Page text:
- JohnParticipantAugust 13, 2016 at 12:38 pmPost count: 128
Here’s a video of how to remove an SMT chip from a board with a minimum of work and fuss.
Without knowing how to do this, it’s easy to damage pads on the board, break pins, overheat other components, etc.
But, with a slightly different method, it’s pretty simple.
We’ll be using an air embossing tool.
(I have this one.. )
First, you heat up the whole board a bit otherwise you can damage nearby components via thermal shock.
Next, heat up the chip in question until the solder melts on ALL the pins.
Then, use tweezers to lift off the chip.
At this point, you’ll still have an adequate amount of solder nicely on the pads and therefore we won’t be using any solder.
Set the replacement chip down, align the chip and then align the pins, and use your iron to tack down ONE pin.
Then align all the rest of the pins and tack down the diagonally opposite pin.
Now solder them all into place.
Here’s a video. I’m removing an 8 pin SMT audio driver.
https://www.youtube.com/edit?video_id=qbnBs2ViSbUBarryParticipantAugust 13, 2016 at 3:12 pmPost count: 334
That link keeps taking me to my youtube page.Benjamin ShawParticipantAugust 14, 2016 at 7:06 amPost count: 115
That’s crazy. Had no idea you could do that.
Was hoping to see the replacement part too.
I have a big heat gun, is that too much heat?
Thanks for making this.JohnParticipantAugust 14, 2016 at 7:26 amPost count: 128
I ran out of time to upload it… Hopefully today it should be doneJohnParticipantAugust 14, 2016 at 11:37 amPost count: 128
While I’m thinking about it… The important thing here is to warm it slowly and then be fairly targeted with the heat. Mine is hot enough to damage the board or chips and plastic housings. So keep it in motion.
I think any of them will work, but you need to be careful to not just heat a single place. Keep the gun in motion and then only touch the chip you care about. Adjacent parts will have their solder melt as well so you need to not touch them with your tweezers.JohnParticipantAugust 14, 2016 at 1:50 pmPost count: 128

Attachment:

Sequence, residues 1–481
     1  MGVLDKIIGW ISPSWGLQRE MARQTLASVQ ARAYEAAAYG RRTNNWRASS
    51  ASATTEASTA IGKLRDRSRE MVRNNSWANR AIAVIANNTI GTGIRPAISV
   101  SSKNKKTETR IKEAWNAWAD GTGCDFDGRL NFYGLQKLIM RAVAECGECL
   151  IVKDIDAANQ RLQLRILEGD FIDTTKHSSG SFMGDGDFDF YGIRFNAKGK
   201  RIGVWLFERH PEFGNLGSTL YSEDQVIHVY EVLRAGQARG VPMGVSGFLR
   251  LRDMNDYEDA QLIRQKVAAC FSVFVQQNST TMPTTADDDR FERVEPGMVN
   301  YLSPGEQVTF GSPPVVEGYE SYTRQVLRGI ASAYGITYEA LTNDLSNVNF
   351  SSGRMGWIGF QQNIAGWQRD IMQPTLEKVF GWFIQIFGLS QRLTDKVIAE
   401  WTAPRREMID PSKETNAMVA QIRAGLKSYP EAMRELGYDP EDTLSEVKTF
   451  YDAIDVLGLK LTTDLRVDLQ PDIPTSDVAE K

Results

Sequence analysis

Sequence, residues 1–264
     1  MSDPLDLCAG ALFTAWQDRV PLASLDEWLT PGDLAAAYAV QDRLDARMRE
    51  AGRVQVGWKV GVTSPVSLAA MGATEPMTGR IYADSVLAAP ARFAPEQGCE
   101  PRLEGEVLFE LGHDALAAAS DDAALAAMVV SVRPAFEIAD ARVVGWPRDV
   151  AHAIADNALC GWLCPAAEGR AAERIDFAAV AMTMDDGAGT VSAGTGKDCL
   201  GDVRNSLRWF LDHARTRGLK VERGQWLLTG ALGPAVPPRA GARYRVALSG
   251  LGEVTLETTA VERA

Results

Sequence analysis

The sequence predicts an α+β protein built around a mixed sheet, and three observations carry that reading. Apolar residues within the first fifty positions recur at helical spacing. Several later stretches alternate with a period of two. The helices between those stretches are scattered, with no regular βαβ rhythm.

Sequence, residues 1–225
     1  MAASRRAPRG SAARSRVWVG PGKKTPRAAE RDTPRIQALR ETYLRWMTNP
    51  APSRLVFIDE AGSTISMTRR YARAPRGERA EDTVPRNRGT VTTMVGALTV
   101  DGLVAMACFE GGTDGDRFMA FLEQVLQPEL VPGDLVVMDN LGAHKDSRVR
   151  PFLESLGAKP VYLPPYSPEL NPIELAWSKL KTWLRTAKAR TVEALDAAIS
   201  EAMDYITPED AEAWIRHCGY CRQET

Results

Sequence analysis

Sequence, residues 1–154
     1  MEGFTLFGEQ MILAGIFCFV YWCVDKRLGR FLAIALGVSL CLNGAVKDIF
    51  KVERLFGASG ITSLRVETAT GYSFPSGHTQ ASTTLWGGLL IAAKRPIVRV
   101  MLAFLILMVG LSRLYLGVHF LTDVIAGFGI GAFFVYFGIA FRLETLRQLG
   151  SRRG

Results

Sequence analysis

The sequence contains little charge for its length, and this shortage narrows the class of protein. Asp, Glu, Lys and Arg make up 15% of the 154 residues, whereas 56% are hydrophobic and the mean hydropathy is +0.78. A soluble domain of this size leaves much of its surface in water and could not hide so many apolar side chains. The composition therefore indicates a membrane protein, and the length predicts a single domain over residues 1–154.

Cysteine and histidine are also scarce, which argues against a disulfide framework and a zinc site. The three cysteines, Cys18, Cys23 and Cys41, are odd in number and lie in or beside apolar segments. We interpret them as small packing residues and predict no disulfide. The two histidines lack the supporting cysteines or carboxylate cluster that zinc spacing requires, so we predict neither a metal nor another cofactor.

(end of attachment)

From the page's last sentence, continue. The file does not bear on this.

and putting the other chip back on.
If you took the chip off like I describe above, then you have solder already on the pads on the board and you shouldn’t need more.
all you need to do is place the chip in the correct orientation and then tack down the pins using the iron.
start with diagonal opposite corner pins, then tack all the rest.
sorry you can’t see half of the pins being tacked down, but I couldn’t figure out how to hold the chip in place and show it on video at the same time…
JohnParticipantAugust 14, 2016 at 2:00 pmPost count: 128vicious1KeymasterAugust 14, 2016 at 2:03 pmPost count: 2677
- This reply was modified 2 months, 2 weeks ago by John.
Nice! I have few regulators that need replacing.JohnParticipantAugust 14, 2016 at 2:11 pmPost count: 128
A different method changes the whole ball game doesn’t it. 🙂
Check the large pad after you remove the old one. If I remember correctly, the large one on mine didn’t have quite enough solder on it. Add the solder to the pad, then tack down the chip as the video shows.BarryParticipantAugust 16, 2016 at 3:57 amPost count: 334
Nice! Back in 02 I overclocked my Titanium Powerbook to 550Mhz from 450. Had to move a resistor on the logic board. I was quite pleased with the soldering, even if I did do it with a cheap pencil iron with no temp adjustments! No way I could do that today without a magnifying glass…
Since Google are being dicks about photos, I’ll just post a link, can’t just stick a picture here anymore…
You must be logged in to reply to this topic.